Vygotsky Revisited: The Relevance of Vygotsky’s Theories for 21st Century
Francis Harvey, Drexel University, United States ; Christina Charnitski, Immaculata University, United States
Society for Information Technology & Teacher Education International Conference, in Albuquerque, New Mexico, USA ISBN 978-1-880094-47-1 Publisher: Association for the Advancement of Computing in Education (AACE), Waynesville, NC USA
The seminal work of L.S. Vygotsky - a theory of learning as a collaborative socio/cultural/historical activity - was conducted in the early 20th century, and has been expanded and clarified by many researchers since. Many current educational theories (e.g. cooperative learning, project-based learning, peer coaching, and the role of language as a mediator of learning) are related in important ways to ideas first developed by Vygotsky almost seventy years ago. However, numerous significant changes in education have occurred since Vygotsky's time, especially the introduction of distance learning and other technologies, which raise the question of the relevance of Vygotsky's theories to current educational practice. This paper will examine Vygotskian theories from the perspective of their relevance to current educational practice, with particular emphasis on using distance learning to promote higher-level thinking and on the development of students for a global society/economy.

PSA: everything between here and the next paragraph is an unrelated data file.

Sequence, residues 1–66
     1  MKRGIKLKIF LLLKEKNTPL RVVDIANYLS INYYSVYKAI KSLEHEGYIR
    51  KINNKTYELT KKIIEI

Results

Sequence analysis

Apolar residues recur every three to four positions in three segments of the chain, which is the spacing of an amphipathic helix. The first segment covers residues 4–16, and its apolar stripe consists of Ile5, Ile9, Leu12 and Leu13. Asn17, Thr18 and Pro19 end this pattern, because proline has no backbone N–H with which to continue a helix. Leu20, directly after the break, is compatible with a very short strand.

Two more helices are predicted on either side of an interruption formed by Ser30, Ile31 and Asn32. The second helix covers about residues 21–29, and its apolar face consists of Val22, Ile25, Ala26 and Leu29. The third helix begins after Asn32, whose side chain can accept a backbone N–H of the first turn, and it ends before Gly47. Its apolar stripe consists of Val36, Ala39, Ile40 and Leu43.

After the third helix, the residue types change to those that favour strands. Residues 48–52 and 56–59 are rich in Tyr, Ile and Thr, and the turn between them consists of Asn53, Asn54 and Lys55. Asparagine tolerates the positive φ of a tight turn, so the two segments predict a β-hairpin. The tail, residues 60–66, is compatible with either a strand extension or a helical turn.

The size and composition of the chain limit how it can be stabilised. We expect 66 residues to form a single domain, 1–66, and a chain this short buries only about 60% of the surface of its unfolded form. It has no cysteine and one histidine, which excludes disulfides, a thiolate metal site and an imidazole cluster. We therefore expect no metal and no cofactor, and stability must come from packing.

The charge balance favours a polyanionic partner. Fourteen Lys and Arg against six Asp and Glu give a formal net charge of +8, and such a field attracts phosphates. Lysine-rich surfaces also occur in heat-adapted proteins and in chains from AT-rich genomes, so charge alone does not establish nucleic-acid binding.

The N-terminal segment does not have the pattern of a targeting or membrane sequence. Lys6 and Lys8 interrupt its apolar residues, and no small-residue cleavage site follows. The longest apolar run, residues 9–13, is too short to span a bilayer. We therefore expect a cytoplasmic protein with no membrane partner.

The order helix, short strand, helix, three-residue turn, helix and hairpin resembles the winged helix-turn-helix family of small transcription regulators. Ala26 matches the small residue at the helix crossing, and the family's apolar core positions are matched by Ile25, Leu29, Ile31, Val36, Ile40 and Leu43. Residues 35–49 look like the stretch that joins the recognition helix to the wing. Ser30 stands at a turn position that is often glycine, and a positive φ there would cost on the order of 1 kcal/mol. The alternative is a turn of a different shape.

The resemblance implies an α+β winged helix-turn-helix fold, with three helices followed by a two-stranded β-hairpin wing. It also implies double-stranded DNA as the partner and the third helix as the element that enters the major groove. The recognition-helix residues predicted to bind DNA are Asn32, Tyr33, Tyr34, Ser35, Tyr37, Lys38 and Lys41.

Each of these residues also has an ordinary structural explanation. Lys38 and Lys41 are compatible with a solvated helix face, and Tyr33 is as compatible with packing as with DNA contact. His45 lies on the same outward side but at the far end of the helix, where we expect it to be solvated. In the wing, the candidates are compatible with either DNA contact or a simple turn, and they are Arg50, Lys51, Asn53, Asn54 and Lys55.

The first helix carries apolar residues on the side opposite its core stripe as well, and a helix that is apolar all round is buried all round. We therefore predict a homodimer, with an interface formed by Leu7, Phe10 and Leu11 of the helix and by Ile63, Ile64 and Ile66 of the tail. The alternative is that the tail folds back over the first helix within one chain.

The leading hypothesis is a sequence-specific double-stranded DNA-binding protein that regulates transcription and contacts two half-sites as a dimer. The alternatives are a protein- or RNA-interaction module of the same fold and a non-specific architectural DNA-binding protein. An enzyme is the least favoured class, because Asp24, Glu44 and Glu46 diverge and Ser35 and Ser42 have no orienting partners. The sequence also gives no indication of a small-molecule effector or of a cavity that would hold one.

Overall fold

Harvey, F. & Charnitski, C. (2003). Vygotsky Revisited: The Relevance of Vygotsky’s Theories for 21st Century. In C. Crawford, N. Davis, J. Price, R. Weber & D. Willis (Eds.), Proceedings of SITE 2003--Society for Information Technology & Teacher Education International Conference (pp. 1453-1456). Albuquerque, New Mexico, USA: Association for the Advancement of Computing in Education (AACE).